Overall I found myself with mixed feelings about The Pastor. On the one hand I found Peterson to be an entertaining writer with an intriguing life and some of things he had to say were really spot on (4-5, 86-87, 137, 141), but, on the other hand,  I found the book to drag on at times and contained a few chapters that made me ask;  why? What was the purpose for including this? At these times he seemed to be on mildly nostalgic detours (e.g. ch. 5).  Peterson’s emphasis on prayer throughout the book reflects a theme found in the lives of those God has used mightily in ministry; prayer is foundational  to godly living and success in vocational ministry, it was nice to see this play such a fundamental role in Peterson’s pastoral formation. For the most part I tend to learn more from academic expositions of Scripture or structured and logical works, because of the style of the Pastor I did not find it tremendously impacting on my thinking, but to some extent it has challenged me; I feel as if I may need to re-read it to further think through some of the insights that God showed Peterson. One thing I really appreciated was his heart for people that came out through every page of the book. I personally struggle with the pastoral care part of ministry; I often struggle with empathizing and making smart decision on how to respond to crises in the lives of my friends and family members. Throughout the book Peterson modeled a heart I really desire to have one day; whether he journaled frequently or has a tremendous memory, Peterson gave detailed accounts of how God moved in the lives of those he encountered both in changing them and changing him through them. He gave the impression that he was not a pastor who simply preached and let that be the end of his ministry but a pastor who cared deeply for those under his care and made the effort to know, spend time with, and minister to them.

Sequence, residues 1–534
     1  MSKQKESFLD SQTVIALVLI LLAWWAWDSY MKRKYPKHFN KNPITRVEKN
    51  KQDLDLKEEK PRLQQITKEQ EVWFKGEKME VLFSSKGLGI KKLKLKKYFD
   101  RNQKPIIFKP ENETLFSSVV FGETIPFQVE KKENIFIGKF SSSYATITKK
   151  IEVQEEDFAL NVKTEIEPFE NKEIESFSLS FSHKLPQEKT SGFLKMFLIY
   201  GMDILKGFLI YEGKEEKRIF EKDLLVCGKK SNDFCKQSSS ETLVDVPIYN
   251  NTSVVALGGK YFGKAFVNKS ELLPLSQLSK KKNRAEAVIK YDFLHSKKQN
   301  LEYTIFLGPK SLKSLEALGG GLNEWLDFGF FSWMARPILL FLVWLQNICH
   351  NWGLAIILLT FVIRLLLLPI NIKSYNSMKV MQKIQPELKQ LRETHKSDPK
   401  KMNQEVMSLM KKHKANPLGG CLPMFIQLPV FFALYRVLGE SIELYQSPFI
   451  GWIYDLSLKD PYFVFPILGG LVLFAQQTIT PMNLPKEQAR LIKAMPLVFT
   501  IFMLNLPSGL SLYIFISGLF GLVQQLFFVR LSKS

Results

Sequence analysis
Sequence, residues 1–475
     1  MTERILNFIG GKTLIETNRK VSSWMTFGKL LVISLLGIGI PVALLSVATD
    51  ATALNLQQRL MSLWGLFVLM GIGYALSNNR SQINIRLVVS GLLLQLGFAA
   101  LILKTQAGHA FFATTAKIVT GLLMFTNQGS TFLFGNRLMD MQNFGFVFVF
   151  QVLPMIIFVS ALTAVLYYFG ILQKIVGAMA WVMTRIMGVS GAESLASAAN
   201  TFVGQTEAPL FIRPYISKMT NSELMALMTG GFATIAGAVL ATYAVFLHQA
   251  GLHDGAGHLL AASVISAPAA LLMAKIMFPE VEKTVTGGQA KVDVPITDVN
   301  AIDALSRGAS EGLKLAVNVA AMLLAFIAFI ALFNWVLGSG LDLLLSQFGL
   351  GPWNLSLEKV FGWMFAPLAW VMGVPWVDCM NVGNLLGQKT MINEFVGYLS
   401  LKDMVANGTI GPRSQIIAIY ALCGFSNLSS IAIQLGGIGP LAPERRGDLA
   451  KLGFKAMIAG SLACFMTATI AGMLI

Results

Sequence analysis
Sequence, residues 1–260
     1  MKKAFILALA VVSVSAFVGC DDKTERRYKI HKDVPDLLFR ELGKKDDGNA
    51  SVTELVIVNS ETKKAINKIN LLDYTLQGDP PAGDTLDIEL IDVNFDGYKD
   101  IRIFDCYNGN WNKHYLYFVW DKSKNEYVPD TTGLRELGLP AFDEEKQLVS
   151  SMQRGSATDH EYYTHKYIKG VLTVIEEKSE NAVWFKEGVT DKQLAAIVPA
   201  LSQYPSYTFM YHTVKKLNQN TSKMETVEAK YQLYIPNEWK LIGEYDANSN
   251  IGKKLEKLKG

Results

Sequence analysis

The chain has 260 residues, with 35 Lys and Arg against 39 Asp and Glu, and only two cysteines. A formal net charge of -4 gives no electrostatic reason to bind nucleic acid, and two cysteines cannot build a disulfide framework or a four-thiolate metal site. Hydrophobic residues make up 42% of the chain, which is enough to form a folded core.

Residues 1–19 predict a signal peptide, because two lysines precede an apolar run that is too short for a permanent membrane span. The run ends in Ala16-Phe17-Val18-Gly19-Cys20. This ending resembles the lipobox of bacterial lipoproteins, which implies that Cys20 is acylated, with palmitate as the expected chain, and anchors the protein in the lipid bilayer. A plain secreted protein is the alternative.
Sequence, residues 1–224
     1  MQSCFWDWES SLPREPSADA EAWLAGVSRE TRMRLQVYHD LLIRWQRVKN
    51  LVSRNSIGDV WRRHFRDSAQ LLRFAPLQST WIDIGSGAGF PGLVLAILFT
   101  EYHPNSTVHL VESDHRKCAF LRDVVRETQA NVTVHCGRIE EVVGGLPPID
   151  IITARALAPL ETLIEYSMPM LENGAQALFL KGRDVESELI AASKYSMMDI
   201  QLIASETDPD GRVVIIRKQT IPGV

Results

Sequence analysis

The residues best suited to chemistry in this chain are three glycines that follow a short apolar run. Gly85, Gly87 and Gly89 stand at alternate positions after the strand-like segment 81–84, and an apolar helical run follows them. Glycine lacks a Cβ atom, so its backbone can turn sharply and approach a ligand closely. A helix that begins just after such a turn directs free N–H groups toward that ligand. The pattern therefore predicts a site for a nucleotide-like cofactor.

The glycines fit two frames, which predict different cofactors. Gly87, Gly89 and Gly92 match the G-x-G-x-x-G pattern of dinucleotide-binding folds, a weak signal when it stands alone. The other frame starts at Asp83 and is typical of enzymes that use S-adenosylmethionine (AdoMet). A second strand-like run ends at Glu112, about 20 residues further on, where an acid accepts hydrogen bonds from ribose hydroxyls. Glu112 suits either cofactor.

I think that Peterson managed to succeed with his purpose of conveying the particular understanding of the pastoral vocation that he came to through his pastoral experience. His style is not particularly one that I enjoy, but I know that it is a style that effectively communicates to a much broader audience than logical didactic.  If you learn well from stories and real life illustrations, if you learn better from simile and vivid imagery, then Peterson’s book provides a solid deposit of pastoral wisdom and provides a valuable perspective on pastoral ministry.